400 and Other Numbers

May 31, 2013

This month, it finally happened: we reached 400 parts per million of CO2 in the atmosphere.

Though atmospheric CO2 levels inched over 400 ppm briefly last summer, this is the first time that NOAA, the National Oceanic and Atmospheric Administration, has witnessed a daily average at 400 ppm or above. To those familiar with the math of climate change, this number is far outside of our climate comfort zone, and is being regarded as a milestone in the process of climate change.

Other numbers have special significance, as well. James Hansen, former NASA Climatologist, has stated that if humanity “wishes to preserve a planet similar to that on which civilization developed and to which life on Earth is adapted,” we will need to reduce our atmospheric carbon dioxide levels to at least 350 ppm. Following this statement, 350 ppm has become a rallying point for the climate movement. 350.org, an organization founded by journalist and environmentalist Bill McKibben, aims to lower CO2 levels down to this “safe” range. 350.org explain their namesake in the following video:

Though our recent record has been given special significance in discussions of climate change, there is nothing significantly more distressing about 400 ppm than 399 ppm. Just like 350 ppm, the importance of the 400 ppm marker is mostly symbolic. Checkpoints like this become important to environmentalists, because the slow-building disaster of climate change takes place over long timescales and is, at most times and in most places, easy to ignore. Except, of course, when and where it isn’t.

If the number 400 does not speak to you, perhaps some other statistics from 2012, one of the most extreme years in terms of weather and climate, will make an impression:

5: The number of countries that set heat records in 2012.

144: The number killed in the flash floods that struck the Krasnodar region of Russia in July of 2012. Similar floods were experienced in Pakistan and China.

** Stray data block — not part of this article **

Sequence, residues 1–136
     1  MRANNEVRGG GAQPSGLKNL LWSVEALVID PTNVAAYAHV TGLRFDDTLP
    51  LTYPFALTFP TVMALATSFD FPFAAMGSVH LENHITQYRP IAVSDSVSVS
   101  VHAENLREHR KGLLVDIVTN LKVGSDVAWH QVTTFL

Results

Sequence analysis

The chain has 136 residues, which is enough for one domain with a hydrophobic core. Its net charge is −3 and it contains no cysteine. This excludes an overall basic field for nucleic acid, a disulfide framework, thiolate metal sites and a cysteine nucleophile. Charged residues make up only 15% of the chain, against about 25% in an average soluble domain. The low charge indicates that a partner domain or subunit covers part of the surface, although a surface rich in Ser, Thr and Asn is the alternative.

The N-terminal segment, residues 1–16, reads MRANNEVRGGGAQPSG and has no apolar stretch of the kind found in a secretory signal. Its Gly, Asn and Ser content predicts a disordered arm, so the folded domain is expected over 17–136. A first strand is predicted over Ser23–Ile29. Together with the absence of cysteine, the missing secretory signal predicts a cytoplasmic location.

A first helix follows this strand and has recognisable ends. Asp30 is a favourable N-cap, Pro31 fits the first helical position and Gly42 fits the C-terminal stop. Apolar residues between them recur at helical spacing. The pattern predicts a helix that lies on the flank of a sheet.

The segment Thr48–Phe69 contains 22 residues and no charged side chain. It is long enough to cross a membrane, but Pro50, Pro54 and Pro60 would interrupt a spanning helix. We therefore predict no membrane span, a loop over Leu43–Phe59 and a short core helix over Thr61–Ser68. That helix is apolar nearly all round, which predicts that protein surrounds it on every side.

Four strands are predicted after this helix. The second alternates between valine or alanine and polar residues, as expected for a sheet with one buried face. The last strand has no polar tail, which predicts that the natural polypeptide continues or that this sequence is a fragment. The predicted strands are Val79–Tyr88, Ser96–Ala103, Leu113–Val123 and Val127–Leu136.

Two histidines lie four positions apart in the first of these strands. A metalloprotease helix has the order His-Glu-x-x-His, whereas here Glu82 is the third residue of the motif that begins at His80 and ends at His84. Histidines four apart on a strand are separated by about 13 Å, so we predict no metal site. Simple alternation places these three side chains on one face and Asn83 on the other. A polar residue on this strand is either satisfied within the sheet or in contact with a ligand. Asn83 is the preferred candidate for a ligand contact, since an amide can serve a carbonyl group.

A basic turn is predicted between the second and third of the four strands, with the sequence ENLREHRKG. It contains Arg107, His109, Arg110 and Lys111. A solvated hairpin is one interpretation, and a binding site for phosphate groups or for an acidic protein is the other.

2300: The number of counties impacted by drought in the midwestern U.S. last summer.

13: The height in feet that Hurricane Sandy’s storm surge reached in some parts of New York City.

285: The total number of deaths attributed to the superstorm.

65,000,000,000: The cost of Hurricane Sandy, as estimated by London-based reinsurance firm Aon Benfield.

Looking to the future, Scientific American reports that, due to “a combination of local geography, vulnerable coastal development and already-happening sea-level rise as a result of climate change,” flooding like we experienced during Sandy will be commonplace, rather than unprecedented. The “frankenstorm” may soon become just a “storm.”

On a global scale, one extremely troubling number emerged from the 2012 weather and climate statistics:

18: The percentage that summer sea ice in the Arctic shrank below its previous low.

We will likely see 400 ppm again. Perhaps we will adjust to it; perhaps 400 will become the new normal, and 450 will become the new statistic of doom held out by environmentalists. But 400 is only one number among many, and it may not be the most important. From 350 on up, we have experienced the devastating effects of climate change, and we will continue to see this destruction play out in statistics and in stories. The most severe outcomes of unmitigated climate change may not hit us on a global scale at 400 ppm or at any number near to it, but for those who have been affected by floods and freak storms, or have lost their livelihoods to drought, this destruction is very real and very present. It is these numbers which make up the real statistical drama of climate change, and it is these numbers which may be most powerful in reversing our climate trajectory.


-Sharon Hartzell


Borenstein, Seth (2012). 2012 Extreme Weather Sets Records, Fits Climate Change Forecasts. Huffington Post Green. http://www.huffingtonpost.com/2012/12/21/2012-extreme-weather-climate-change_n_2348079.html

350.org (2013). http://400.350.org/

BBC News (2012). Russia Flash Floods: 144 Killed in Krasnodar Region. BBC News, http://www.bbc.co.uk/news/world-europe-18751198

Rice, Doyle (2013). Hurricane Sandy, drought cost U.S. $100 billion. USA Today, http://www.usatoday.com/story/weather/2013/01/24/global-disaster-report-sandy-drought/1862201/

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